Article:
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Three flights of narrow winding stairs above a small serene park in downtown Amsterdam take you to the quiet little apartment where I found most of Rosto’s belongings albeit the great man himself. He was enjoying a couple of days at the Holland Animation Film Festival in Utretch this week, where his band Thee Wreckers were the opening act and his graphic novel and film projects were being discussed in rapid fire amongst the attending film buffs.
Header images: Rosto: Mind My Gap graphic novel: www.mindmygap.com
Original publication: Desktop Magazine 2008
Republished with permission
Graphic novels are starting to come out of the closet. No longer just the secret fetish of those who simply refuse to give up their comic days, they can now be found in most art festivals as working pieces and have become the basis of a number of the latest Hollywood flicks. But it is the new online medium that is causing most of the resurgence. The web 2.0 and flash technologies have finally provided a platform that allows the creative juices of graphic novelists to take form rather than become flat and lifeless as on the previous limited graphic environment of non-dynamic HTML.

One of my favourite GN’s “Mind My Gap” by Rosto AD from the Netherlands, was a leader in the pack when it came to teasing and testing the limitations of the web environment. Grainy, washed-out colors merged with mutated photograph fragments give MMG a unique style, but it is more than just the artwork that gives this GN its inner dimensions.

In an interview with Rosto on my last visit to Amsterdam, he intrigued us all with the story of how he was sitting in his little apartment one day and had an idea for creating his already well developed characters into an online version that would become a graphic novel. Not having coded or dealt with web technologies before he did not feel limited to the developing web conventions and so set about to create an online world in a way that would allow him to work with his story in a more three dimensional manner than he was able to do on paper.

The tale that unfolds in MMG is that of Diddybob and Buddybob, two friends that are separated by cruel fate. The graphic novel, and therefore the underlying web presence, is broken into two different perspectives that intertwine. “Diddybob’s Travels” takes place in the present, while “The Open Horizon” unfolds in the past. When reading (or watching) the series, you alternate one episode at a time between these two perspectives that are presented as a continuous circle, much like the elements of time on a clock face.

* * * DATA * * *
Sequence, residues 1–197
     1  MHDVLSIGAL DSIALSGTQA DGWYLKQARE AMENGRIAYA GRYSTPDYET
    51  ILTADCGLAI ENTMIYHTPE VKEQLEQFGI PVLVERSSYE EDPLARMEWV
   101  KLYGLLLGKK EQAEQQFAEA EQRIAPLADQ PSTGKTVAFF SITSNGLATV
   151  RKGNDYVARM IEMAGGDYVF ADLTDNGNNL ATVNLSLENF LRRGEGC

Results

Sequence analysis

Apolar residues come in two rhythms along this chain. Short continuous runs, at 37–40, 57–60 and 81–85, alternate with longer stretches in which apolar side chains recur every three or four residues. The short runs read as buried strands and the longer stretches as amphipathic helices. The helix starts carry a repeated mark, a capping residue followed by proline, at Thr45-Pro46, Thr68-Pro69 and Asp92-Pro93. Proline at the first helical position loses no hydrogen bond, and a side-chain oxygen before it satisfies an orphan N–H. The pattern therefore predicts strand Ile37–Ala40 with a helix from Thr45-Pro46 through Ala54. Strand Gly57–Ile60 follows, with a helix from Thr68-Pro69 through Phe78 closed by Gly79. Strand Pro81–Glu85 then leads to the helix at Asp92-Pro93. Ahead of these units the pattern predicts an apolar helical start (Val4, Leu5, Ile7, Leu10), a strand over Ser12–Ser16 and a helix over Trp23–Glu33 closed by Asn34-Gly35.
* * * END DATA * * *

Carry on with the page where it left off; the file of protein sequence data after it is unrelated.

The first pair of episodes of the series were conceptualised, created and coded in less than 24 hours, with Rosto continuing to work on subsequent episodes two at a time ever since. The final instalments are planned for release later this year.

The GN, in a similar fashion to the trilogy of films Rosto has also developed, are all based on, and feature, music as an underlying ingredient. The music itself also comes from the deep dark creative juices of Rosto’s direction and are projected by his band. Rosto says “the interpretation of the music with the visuals happened in a period in my life where I learned there were no real boundaries between different ways of expressing myself. There were stories in my music and that there were films in my stories and that everything was connected in a way. I decided that I didn’t just have media to share, but I had my world to share. Whenever I was doing music I had these visions. These songs were intuitively connected. It was just a matter of listening closely and reading the lyrics and then the stories and characters would reveal themselves.” To make the point, or perhaps to underlie the versatility of the visuals and the music Rosto has made the tracks for each of the chapters of the GN available to download from within each episode.